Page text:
How simple answer are you looking for ?

I’ve got an interesting comment the other day saying “I’ve heard Jay Pipes saying indexes with cardinality lower than 30% are worthless, true?”

That is interesting question and it has different answers depending on who is asking. A lot of people want to hear simple answers to the questions because they would be overwhelmed by complete answer, it is like children being taught math first taught simple division skills like you can divide 10 by 2 but not by 3. As we grow up we learn the truth is much more complex than that and if you Major in math you will find there is a lot of stuff out where far beyond basic stuff we use in every day life.

Answering such question you can say yes it is true and for clueless person it will be helpful answer because it will allow him to avoid creation indexes on the column containing just one value which is good idea.

If you start to explain it in details, a lot of variables add in – covering indexes, skewed distribution vs lookup frequency, IO bound or CPU bound workload which may be far too complicated.

It is also interesting the broad answer would not be helpful – there are workloads when even with 1% matching rows you’re better of doing full table scans, and there are ones with 99% same values in the column having it indexed helps.

The other questions which people like to get quick answers for are for example “Which MySQL Storage Engine to Use” or “How Much Memory Compared to Your Database Size Should you Have” , “What Key Cache Hit Ratio is Good One”

This often gives me head aches – I like correctness in the answers but it is often too much to deal with, so I’m trying to keep the answers tailored towards customer needs omitting details which should not be important and making sure all relevant stuff is covered.

This is one of the reasons of hiring MySQL Expert – you typically can find same information in the books, Internet, and even in this blog but selecting what is relevant for your case might be complicated.

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Comments (5)

  • Jay Pipes Reply

    Uh, I would never say “indexes with cardinality lower than 30% are worthless”. 😉 What I have said in the past is that if you have a situation where the value you are searching for is contained in 30% of an index’s records, it is highly unlikely the index will be used, as the efficiency of a sequential scan will outweigh the numerous bookmark lookup operations needed with the index seek operations. Of course, having a covering index can influence the optimizer’s decision of course, as will having multiple levels of cardinality (multiple columns in the index). Bottom line: I *never* say there is a simple answer or a single answer to anything. Just take a look at my latest set of slides… on slide 2, I say “The answer to every question is… it depends.”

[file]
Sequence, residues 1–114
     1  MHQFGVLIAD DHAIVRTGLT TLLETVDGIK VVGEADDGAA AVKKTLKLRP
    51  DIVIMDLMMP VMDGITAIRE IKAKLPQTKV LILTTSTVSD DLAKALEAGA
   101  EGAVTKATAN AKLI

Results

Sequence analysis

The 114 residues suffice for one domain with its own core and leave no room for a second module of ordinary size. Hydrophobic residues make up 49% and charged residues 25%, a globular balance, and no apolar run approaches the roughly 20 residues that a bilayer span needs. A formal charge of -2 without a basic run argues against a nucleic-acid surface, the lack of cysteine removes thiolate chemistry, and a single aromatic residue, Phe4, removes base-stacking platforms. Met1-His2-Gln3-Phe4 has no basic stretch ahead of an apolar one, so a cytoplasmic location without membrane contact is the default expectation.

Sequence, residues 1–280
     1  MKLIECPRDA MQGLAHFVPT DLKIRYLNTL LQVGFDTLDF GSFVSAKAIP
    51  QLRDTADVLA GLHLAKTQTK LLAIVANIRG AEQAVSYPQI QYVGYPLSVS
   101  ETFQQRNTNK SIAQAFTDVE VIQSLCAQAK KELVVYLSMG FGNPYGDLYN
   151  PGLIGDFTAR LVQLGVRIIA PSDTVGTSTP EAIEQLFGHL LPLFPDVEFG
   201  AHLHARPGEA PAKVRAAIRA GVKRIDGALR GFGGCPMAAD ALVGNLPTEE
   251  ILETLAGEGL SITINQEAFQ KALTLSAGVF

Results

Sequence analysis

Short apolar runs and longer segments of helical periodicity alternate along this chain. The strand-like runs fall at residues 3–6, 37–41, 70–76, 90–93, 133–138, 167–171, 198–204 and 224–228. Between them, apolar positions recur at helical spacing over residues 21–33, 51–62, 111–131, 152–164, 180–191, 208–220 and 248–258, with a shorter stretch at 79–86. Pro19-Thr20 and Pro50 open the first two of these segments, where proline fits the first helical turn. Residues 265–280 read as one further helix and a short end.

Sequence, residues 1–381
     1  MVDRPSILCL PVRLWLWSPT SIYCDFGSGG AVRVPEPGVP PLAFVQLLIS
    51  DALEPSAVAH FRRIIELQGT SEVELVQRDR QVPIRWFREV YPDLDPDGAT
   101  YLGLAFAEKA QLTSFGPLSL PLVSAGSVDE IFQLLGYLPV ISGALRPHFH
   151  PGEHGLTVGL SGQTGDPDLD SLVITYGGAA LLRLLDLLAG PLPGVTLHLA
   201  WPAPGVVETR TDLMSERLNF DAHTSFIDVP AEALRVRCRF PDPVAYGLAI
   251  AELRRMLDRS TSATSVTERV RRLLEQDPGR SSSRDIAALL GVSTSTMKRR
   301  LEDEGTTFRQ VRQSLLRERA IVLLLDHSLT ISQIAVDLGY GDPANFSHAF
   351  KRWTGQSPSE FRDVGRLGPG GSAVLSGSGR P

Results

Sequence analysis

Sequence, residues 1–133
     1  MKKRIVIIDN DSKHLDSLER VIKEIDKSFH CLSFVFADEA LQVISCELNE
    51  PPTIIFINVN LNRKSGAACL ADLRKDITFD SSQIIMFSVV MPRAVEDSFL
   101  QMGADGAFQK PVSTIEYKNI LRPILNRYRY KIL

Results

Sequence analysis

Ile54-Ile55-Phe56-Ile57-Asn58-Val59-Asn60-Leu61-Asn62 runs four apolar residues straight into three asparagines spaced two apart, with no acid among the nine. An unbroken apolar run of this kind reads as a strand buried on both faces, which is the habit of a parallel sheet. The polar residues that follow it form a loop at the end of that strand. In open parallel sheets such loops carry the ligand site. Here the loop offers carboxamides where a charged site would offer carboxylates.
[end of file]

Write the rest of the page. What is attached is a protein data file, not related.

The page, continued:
Cheers, and see you soon at the conference, Peter!

    April 11, 2007 at 8:10 am
  • peter Reply


    I’m not saying you’re saying that. I’m simply quoting the guy posted comment on this blog 🙂

    I just thought that would be good way to start the post being nice teaser.

    The point is not what you’re giving people simple answers to complex questions but what a lot of people are looking for simple answers because it makes them comfortable.

    April 11, 2007 at 2:10 pm
  • Bob Bankay Reply

    We have a large table (10M row) with about 12 indices. One of then indicates that state of the row in the table and there are about 30 states. The states change from 0 to 30 in about 14 days.

    Would it be appropriate to create views for state with the highest population. Would it be faster than a lookup for the specific state wiht LIMIT n?

    April 26, 2007 at 2:30 pm
  • peter Reply


    Please ask questions which are not related to the topic in our forums instead.

    The answer to your question would be – creating view is not going to help as view does not carry any of its own indexes or other special structures.

    April 28, 2007 at 10:45 am

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